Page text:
Boost for Navy as Arihant gears up for arms trial

Indigenous submarine will complete India's nuclear triad

Boost for Navy as Arihant gears up for arms trial

The INS Arihant, indigenous nuclear powered submarine, is all set to start the sea trial of its submarine launched ballistic missile, which will complete India’s nuclear triad or second strike capability from land, air and sea.

“Weapon trials of Arihant will take place either in the last quarter of this year or in the beginning of next year,” Avinash Chander, Director-General of Defence Research and Development Organisation (DRDO) and scientific adviser to the defence minister, said here.

Known as B05  (as well as K-15), the submarine launched ballistic missile is the main weapon for India’s first SSBN. It was tested successfully from an under-water pontoon off Visakhapatnam in January showcasing the missile’s ability to break waters.

“It is now fully ready for integration with the submarine,” the DRDO chief said, while refusing to disclose the range of the missile, which in its final version would be capable of carrying nuclear warheads.

Last month, the 80 MWe nuclear reactor on-board Arihant went critical producing fission energy to propel the 104 metre long and 6,000-tonne submarine. The Navy is tight lipped on when Arihant would undertake its sea trial. It may be inducted by 2015.

After years of joint research and development by India and Israel on the Rs 2,600-crore long range surface-to-air missile (LR-SAM) project, one of the naval warships has now been fitted with the launcher to test the new missile, which would be one of the mainstay weapons for Indian warships.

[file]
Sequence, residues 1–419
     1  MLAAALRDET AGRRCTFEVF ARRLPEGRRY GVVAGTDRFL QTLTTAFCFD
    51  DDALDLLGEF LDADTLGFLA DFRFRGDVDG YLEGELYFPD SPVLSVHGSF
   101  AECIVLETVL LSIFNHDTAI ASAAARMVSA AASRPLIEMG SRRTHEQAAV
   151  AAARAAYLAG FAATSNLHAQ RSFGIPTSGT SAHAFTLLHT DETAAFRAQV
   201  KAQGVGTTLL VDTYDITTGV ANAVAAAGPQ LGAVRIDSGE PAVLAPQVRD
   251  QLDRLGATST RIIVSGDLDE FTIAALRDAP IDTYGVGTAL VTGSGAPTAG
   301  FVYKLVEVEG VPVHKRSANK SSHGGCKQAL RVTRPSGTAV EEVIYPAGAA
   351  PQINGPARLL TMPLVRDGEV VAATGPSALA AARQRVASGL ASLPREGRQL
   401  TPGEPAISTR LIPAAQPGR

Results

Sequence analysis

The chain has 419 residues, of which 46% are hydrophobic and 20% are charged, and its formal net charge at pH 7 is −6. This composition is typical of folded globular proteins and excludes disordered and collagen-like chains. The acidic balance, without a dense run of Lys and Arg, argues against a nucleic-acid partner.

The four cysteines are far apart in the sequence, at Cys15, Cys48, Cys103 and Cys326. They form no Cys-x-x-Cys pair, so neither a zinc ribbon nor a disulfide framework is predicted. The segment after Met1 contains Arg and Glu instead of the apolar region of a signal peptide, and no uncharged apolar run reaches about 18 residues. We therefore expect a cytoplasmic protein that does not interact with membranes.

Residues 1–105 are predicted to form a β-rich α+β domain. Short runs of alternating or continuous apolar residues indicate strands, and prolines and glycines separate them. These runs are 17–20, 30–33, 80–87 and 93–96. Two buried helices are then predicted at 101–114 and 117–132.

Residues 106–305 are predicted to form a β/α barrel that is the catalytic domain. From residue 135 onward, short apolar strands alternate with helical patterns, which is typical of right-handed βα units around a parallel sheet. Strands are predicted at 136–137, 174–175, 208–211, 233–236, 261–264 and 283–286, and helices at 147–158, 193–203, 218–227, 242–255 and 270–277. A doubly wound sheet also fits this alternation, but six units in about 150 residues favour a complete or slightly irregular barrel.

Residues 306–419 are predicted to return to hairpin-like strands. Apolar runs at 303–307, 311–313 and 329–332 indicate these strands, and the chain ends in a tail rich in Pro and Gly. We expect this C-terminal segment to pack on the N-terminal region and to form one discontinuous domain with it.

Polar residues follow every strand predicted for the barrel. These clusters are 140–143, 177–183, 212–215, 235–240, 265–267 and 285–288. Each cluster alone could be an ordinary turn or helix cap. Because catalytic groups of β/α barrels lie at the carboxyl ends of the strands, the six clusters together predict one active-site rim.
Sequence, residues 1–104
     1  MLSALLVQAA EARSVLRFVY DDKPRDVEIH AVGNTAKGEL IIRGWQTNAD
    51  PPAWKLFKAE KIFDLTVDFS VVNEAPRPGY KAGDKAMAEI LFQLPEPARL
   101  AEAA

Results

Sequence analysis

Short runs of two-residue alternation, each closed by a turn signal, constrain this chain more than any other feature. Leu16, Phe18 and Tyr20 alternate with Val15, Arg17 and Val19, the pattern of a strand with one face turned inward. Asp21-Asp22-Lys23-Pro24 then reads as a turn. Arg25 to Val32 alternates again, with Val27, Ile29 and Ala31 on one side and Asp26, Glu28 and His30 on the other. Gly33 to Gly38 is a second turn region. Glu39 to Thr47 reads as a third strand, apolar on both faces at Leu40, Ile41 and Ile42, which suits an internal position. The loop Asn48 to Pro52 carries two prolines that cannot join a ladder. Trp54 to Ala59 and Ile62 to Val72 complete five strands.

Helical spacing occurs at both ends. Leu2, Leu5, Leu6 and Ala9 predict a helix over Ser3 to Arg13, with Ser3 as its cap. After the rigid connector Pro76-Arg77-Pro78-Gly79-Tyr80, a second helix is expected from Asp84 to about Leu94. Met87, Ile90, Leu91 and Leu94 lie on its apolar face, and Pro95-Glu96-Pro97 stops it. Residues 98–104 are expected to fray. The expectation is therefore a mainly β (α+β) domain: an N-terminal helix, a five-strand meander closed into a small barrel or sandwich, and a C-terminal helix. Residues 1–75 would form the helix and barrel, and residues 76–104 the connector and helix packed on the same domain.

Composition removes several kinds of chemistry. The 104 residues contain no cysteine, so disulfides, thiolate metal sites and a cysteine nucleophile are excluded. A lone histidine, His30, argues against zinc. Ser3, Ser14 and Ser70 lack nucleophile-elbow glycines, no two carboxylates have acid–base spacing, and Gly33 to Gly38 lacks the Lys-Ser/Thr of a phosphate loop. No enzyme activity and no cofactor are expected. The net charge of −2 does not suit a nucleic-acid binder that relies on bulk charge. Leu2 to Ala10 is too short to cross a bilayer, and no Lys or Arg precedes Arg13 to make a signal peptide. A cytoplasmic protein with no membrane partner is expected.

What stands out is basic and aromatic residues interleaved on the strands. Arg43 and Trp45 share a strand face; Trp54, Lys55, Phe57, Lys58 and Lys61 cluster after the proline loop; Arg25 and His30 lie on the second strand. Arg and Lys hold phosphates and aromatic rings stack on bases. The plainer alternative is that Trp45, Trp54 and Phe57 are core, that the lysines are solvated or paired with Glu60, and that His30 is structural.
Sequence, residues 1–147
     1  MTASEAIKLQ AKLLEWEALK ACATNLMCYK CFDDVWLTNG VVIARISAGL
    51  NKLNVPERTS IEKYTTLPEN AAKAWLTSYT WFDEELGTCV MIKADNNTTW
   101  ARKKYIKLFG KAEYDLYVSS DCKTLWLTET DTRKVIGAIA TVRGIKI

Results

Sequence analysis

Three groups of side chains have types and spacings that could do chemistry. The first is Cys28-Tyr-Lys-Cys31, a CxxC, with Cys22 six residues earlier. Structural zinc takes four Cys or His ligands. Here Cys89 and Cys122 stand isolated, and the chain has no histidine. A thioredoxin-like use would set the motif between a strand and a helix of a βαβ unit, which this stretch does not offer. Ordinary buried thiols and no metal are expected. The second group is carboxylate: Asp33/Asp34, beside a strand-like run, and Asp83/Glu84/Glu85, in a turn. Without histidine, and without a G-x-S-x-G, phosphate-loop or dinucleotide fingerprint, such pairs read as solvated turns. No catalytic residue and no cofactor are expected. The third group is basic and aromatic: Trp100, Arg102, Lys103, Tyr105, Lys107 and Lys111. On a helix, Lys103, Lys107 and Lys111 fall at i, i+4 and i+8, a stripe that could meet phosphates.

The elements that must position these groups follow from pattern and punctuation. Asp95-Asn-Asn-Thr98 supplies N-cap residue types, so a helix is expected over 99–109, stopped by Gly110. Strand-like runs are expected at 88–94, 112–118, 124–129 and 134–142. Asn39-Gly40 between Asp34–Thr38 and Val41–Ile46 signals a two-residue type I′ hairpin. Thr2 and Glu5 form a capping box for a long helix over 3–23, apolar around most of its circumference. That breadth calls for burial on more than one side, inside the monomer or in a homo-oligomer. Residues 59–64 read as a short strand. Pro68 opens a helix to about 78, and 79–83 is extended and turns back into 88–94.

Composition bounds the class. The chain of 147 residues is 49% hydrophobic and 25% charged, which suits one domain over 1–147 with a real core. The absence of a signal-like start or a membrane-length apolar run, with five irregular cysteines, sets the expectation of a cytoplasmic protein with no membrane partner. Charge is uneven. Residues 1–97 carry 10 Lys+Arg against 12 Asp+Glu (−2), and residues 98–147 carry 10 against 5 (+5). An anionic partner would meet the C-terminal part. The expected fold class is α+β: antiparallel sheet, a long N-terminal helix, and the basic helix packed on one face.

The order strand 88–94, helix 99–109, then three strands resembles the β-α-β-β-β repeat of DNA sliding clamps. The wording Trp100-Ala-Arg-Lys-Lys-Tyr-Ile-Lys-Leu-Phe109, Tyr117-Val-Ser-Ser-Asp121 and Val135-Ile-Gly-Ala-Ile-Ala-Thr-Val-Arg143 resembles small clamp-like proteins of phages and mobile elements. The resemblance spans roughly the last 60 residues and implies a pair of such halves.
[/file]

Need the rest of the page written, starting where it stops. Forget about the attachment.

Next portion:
Parallel work is going on to arm the indigenous aircraft carrier Vikrant with the LR-SAM, which will be one of the key components of the carrier’s protective suite.

Asked about future tests of 5,000-km range Agni V missile, Chander said at least three to four additional successful flight tests was needed before the missile is inducted into the service.

The next launch of Agni V will be from a “canister” that reduces reaction time for missile launch. At present, only the under-water missile and cruise missile Brahmos are launched from canisters.

Chandra said Agni V had an accuracy in the range of 100 metres but scientists were working to improve the accuracy of long range missile within 10-15 metres. This means, even if the missile is fired from a distance of 2000-3000 km, it should hit within 15 metres of the target.

He said the DRDO was capable of developing missiles with 10,000-km range if there was a need. But there is no Agni VI programme at the moment.

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